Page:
Tuesday, February 5, 2008

I think I may have finally found some answers.

Over the past eleven months, I have had the opportunity to communicate with hundreds of MBC Investors from all over the world. While we may have been separated by thousands of miles and different languages, one basic theme emerged. The receivership did not provide enough facts for the investor to make informed decisions, and the receivership is negligent in the manner in which investors’ premium payments and policy benefits are processed, accounted for, and disbursed.

VSI takes over, but where can they be found?

For most investors, the first real personal contact with the receivership was to choose whether they would sell their policies or keep them.My parents voted to keep all 24 of their policies and were pleased that the majority of their unknown partners did the same. Now more than 30,000 investors, scattered all over the world, owning more than 3,000 policies had to prepare to start making unknown amounts of premium payments for an uncertain period of time. For us, the first bit of information we felt that we needed was the positive voting percentage on each policy. This information would allow us to measure, somewhat, the staying power of our unknown partners and could help us estimate the funds we would need for the year. We not only could not get this information, we were virtually unable to make any contact with VSI at all. Phone calls, emails, and faxes were not returned. Obviously, the receivership was not prepared to address the concerns and questions from thousands of investors, and since customer service was listed dead last on the VSI’s duties chart, it appeared to the investor that they did not care. I even tried to go to their “office” in Pompano Beach to schedule an appointment and found that their address was only a mailbox and that the workers were hidden away in an undisclosed location.

Invoices come rolling in.

In the fall of 2006, investors started receiving invoices to pay VSI’s administration fees on all policies. The information provided on this payment notice was both simple and threatening. Investors were told with underlined certainly that if these payments were not made, their policy interest would be forfeited and reallocated among the remaining investors pro-rata. My parents sent in all of their administration fees (a total of $3,983.60). In fact, they even sent an extra payment on one policy because they did not receive a cancelled check back before the time deadline. They later received both cancelled checks, but no refund of the extra money was ever paid! Also, seven of our policies have not been billed beyond the administration round. I have not taken the time to check the percentage of policies where it appears that the only administrative service done on these policies was to collect an administration fee, but when I scan through the thirty-three pages of policies I would estimate that around 15% of them fall into this category.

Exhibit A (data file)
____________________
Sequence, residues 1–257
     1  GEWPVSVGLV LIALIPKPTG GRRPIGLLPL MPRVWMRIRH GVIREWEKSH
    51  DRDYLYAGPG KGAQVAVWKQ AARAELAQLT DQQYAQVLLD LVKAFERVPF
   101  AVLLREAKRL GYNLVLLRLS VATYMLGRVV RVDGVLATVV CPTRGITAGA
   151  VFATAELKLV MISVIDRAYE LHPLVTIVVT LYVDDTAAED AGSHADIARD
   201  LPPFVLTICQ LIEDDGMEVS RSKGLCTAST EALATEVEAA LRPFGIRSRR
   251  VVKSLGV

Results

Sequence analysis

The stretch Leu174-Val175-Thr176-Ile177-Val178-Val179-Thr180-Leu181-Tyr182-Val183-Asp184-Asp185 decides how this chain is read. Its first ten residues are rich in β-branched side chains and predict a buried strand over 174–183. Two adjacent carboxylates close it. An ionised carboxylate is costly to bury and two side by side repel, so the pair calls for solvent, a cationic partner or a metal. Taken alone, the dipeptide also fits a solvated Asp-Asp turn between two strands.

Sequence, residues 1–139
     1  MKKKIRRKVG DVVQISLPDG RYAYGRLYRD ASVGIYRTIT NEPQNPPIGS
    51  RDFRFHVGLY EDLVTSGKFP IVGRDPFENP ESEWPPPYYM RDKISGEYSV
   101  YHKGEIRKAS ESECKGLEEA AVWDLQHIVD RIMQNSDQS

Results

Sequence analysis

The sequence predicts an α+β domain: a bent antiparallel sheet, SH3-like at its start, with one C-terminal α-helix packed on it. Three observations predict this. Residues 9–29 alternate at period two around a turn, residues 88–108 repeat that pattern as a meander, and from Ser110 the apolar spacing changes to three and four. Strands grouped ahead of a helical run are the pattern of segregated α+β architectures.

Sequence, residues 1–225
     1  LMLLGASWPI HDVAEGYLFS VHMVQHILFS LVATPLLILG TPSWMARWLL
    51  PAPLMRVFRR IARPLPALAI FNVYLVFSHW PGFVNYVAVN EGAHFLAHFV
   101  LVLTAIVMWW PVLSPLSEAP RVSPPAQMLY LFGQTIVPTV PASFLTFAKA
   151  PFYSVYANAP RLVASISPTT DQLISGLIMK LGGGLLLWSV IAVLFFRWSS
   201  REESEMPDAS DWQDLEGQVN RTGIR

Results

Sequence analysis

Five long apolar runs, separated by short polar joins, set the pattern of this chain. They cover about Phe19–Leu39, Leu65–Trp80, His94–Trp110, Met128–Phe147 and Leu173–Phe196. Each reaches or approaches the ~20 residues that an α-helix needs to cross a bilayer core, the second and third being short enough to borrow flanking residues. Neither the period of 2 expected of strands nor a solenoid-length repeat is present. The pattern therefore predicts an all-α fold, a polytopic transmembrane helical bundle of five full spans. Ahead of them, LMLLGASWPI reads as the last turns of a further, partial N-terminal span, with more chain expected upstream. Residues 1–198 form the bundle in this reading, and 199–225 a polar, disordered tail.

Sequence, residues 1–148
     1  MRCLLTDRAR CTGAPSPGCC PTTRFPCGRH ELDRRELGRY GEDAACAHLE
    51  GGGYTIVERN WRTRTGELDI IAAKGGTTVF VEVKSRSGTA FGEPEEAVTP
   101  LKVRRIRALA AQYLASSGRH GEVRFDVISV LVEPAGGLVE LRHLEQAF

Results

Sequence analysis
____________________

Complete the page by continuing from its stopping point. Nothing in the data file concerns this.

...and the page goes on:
The next round of billing was the premium payments. The investors had no clue of what to expect. While they may have been able to estimate what their percentage of the premium would be, they had no information (and of course none could be obtained) of the amount of money owed to the receivership for back premium payments.

The premium invoice form itself was very similar to the one used for administrative fees. The investor could determine the total amount the receiver was billing on each policy by multiplying their percentage interest in the policy by 0.01 and dividing the payment due by that number. The receiver did not disclose what part of the payment was applied to premiums due and what part was reimbursing the receiver. While I am not an accountant, I feel that combining two separate accounting items into one tends to create accounting problems and gives at least the appearance of incomplete disclosure.

The shortfall premium notice was the best source of information the investor ever received from the receiver. The investor’s general policy information was completely updated with the type of insurance and the current number of remaining partners listed. The numerical information shown in the remittance tables allowed investors to re-check the amounts previously given in the premium notices. The shortfall amounts allowed investors to measure both the staying power and opinions of their partners. The information also allowed the investors to compute a relationship of present expenses to future earnings and to choose their course of action without any penalty. During this time period, communication with VSI personnel improved significantly. The VSI personnel I contacted were very polite and helpful on general information. On matters pertaining to accounting, disbursements, and refunds of monies not used, their standard answer was that it was being worked on and that we needed to be patient.